Powell faults post-war US planning

Former US secretary of state Colin Powell has criticised US planning for post-invasion Iraq, saying more soldiers should have been on the ground in the aftermath of the war.

    Powell: The steps taken towards nation building were insufficient

    In an interview with Britain's Daily Telegraph newspaper published on Saturday, Powell said the war had been "brilliantly fought" with a limited number of soldiers but the steps taken towards "nation building" were insufficient.


    There were "enough troops for war but not for peace, for establishing order", he told the paper, which said the comments demonstrated a rift between Powell and US Defence Secretary Donald Rumsfeld.

    Powell said: "My own preference would have been for more forces after the conflict."

    The number of US troops in Iraq was boosted to around 150,000 in advance of last month's election, up from 123,000 a year ago. They are supported by about 26,000 foreign troops. 

    Post-invasion scenario


    After the 2003 invasion, Rumsfeld said US military commanders thought there were enough troops to contain anti-US fighters and establish peace. However, amid escalating violence and to boost security for January's Iraq elections, the troop levels were later increased.


    Powell, who resigned from his post in November, said he had warned President George Bush in August 2002 about the problems of a post-war scenario.


    US troops in Iraq were boosted
    from 123,000 to 150,000

    "My caution was that you need to understand the difficult bit will come afterwards - the military piece will be easy," he said he had told the president.


    "This place (Iraq) will crack like a crystal goblet, and it'll be a problem to pick up the bits."


    Powell said it was for this reason that Bush gave him the go-ahead to embark on the ultimately unsuccessful effort to win a second United Nations resolution backing the war amid opposition from traditional US allies such as France.


    European trip


    It was an attempt to heal the bitter differences the war had caused that prompted Bush to embark this week on a fence-mending trip to Europe. Powell said the United States needed to do more to improve its European relations.


    "This place (Iraq) will crack like a crystal goblet, and it'll be a problem to pick up the bits"

    Colin Powell, former US secretary of state

    "We've got a lot more work to do with European public opinion," he said, adding US policies and the language used to express them had grated with many Europeans.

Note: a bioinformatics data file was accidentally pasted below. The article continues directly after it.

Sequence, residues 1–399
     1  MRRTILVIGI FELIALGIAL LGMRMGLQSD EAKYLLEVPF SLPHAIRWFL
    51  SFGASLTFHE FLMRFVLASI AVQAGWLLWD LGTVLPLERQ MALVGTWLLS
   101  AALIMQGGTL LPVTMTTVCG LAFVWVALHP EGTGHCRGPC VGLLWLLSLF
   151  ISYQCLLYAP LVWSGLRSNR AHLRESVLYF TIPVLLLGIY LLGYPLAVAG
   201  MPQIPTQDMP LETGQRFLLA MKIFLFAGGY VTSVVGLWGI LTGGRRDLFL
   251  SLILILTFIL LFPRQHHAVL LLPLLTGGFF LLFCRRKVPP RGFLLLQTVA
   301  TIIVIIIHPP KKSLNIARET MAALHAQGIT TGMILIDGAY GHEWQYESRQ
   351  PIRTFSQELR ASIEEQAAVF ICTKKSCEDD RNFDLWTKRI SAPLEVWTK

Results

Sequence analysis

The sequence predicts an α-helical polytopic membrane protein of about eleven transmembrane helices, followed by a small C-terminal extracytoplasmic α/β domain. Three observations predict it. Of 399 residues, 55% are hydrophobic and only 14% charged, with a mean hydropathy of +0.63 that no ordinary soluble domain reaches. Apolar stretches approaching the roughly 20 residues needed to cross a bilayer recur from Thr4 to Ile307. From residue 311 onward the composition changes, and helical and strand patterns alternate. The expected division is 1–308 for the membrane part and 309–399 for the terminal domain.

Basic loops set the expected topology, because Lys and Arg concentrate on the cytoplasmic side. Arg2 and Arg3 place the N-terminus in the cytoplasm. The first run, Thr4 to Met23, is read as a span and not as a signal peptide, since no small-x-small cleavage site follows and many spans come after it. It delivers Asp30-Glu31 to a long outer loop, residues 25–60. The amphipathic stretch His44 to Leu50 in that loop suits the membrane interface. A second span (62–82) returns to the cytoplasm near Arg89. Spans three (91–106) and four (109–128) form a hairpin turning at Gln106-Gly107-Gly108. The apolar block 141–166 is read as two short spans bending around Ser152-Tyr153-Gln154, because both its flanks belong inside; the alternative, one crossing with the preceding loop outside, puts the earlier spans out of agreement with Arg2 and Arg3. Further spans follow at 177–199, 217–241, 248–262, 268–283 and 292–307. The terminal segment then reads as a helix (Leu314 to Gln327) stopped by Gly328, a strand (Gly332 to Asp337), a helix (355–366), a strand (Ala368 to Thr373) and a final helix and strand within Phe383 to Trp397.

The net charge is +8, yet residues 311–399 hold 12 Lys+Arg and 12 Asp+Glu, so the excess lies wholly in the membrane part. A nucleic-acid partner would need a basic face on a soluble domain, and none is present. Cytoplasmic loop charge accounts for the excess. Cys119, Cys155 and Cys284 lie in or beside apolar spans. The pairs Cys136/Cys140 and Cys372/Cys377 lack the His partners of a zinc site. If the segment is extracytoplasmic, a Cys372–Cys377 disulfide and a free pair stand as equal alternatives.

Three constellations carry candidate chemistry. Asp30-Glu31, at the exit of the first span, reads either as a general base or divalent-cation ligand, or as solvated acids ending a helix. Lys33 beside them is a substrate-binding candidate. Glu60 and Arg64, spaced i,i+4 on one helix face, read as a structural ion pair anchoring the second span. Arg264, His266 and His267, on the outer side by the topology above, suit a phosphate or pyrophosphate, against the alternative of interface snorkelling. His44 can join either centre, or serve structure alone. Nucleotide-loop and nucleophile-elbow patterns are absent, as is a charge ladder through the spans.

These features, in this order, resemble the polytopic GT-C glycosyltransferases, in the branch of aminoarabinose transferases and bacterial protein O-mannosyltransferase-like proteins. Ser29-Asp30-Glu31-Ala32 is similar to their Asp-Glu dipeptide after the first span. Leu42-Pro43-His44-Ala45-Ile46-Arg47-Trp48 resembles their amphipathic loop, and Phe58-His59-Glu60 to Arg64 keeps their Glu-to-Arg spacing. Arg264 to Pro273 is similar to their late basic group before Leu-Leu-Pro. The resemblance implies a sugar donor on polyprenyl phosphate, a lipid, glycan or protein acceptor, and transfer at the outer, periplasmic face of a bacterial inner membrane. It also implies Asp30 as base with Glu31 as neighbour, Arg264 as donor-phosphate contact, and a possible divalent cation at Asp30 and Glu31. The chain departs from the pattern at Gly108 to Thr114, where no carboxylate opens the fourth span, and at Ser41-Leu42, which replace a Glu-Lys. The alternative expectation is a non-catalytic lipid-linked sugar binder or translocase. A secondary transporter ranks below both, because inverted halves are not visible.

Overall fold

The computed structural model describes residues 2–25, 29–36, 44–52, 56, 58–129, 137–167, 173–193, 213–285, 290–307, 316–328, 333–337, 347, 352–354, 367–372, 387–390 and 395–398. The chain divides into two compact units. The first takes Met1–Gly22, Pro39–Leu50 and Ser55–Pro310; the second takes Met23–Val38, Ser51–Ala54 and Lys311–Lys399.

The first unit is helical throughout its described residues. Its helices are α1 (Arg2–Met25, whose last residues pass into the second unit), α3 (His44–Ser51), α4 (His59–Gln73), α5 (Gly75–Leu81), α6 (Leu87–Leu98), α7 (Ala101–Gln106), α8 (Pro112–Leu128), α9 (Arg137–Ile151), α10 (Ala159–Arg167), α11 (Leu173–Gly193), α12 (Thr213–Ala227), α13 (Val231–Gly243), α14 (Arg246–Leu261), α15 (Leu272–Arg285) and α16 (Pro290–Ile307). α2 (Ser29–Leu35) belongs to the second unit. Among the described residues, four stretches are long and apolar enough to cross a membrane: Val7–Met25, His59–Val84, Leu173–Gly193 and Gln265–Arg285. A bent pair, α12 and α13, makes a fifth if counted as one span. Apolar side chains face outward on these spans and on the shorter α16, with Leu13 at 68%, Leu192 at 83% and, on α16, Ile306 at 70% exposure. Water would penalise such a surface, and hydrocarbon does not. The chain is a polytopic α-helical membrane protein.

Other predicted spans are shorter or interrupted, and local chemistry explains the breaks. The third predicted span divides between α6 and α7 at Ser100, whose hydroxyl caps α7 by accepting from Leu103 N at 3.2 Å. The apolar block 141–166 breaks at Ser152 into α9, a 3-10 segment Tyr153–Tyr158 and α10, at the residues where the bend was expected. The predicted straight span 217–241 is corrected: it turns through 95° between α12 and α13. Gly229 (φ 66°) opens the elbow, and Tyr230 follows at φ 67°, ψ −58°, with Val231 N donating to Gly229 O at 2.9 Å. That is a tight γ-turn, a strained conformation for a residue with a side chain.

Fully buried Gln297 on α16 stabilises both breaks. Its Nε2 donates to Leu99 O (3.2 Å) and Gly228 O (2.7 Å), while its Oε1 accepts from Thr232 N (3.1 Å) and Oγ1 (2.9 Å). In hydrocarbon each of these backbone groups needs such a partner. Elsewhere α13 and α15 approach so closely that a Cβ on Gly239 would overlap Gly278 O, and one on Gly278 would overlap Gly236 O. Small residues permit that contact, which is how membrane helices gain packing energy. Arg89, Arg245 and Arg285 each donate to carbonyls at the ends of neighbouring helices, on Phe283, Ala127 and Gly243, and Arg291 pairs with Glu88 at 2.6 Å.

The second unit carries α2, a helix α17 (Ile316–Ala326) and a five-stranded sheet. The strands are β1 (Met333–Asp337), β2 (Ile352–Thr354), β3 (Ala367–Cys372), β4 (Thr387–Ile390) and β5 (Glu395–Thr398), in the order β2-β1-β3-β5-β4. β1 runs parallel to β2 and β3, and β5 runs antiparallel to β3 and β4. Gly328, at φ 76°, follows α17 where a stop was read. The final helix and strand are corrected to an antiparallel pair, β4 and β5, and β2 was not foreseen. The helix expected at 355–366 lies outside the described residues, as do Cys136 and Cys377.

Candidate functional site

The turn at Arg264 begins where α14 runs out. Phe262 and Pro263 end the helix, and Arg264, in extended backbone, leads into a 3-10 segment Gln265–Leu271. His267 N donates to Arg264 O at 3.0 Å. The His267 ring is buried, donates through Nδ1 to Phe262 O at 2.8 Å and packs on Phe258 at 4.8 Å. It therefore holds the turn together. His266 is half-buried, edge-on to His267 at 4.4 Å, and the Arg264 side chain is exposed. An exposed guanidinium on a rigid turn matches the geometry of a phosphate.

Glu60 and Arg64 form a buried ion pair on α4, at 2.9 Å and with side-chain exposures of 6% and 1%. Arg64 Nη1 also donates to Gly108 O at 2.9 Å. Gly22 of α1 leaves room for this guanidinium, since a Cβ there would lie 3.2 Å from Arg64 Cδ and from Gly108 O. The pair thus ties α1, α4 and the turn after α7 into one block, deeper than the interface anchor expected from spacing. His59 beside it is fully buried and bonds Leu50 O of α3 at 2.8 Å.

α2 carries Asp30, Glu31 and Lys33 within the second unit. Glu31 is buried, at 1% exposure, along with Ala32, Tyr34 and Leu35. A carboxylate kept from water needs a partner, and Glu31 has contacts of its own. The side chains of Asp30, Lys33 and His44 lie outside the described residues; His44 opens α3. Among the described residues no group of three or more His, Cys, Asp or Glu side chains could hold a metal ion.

He also distanced himself from the now famous remarks uttered by Rumsfeld in June 2003 when he described France and Germany as "old Europe" compared with a "new Europe" of US allies.


    "I never used that phrase. It just wasn't a useful construct," he said. "It was just something that Don used one day and became chiselled in time."


    Ongoing fighting


    Meanwhile, the United States' top military commander has said the fighting in Iraq is not likely to be put down in a year or two, since history shows such uprisings can last a decade or more.


    America's top general believes
    the anti-US attacks will continue


    Air Force General Richard Myers said on Friday that in the past century, uprisings around the world have lasted anywhere from seven to 12 years, making a quick fix to the problem in Iraq unlikely.


    "This is not the kind of business that can be done in one year, two years probably," Myers, chairman of the Joint Chiefs of Staff, said in a speech to the Los Angeles World Affairs Council.


    Myers was filling in for Secretary of Defence Donald Rumsfeld, who was scheduled to address the group but became ill after a long trip to Europe.


    Ink-stained fingers


    Myers said that recent elections in Iraq were a sign that resistance groups were not succeeding in their efforts to strike fear in Iraqis.


    US television was full of images in January of Iraqis whose fingers were stained with indelible ink after casting their ballots.


    "They were sticking that ink-stained finger in the eye of the insurgents," Myers said.


    In Iraq, negotiations continued on Friday over who would lead the country's new government, talks made more complicated by delicate ethnic and sectarian issues.


    The new government is expected to make security an immediate focus.

    SOURCE: Agencies


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